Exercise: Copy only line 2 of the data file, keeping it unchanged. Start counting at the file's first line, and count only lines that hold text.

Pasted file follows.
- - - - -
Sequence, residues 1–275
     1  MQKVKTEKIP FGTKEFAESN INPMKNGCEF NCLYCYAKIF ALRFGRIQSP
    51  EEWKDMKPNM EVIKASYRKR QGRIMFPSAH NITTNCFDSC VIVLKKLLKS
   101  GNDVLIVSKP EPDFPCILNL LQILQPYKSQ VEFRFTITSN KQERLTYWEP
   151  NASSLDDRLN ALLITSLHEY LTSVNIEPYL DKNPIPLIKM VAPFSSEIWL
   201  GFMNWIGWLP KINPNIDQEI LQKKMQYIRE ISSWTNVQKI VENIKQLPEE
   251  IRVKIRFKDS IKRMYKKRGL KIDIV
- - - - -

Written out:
     1  MQKVKTEKIP FGTKEFAESN INPMKNGCEF NCLYCYAKIF ALRFGRIQSP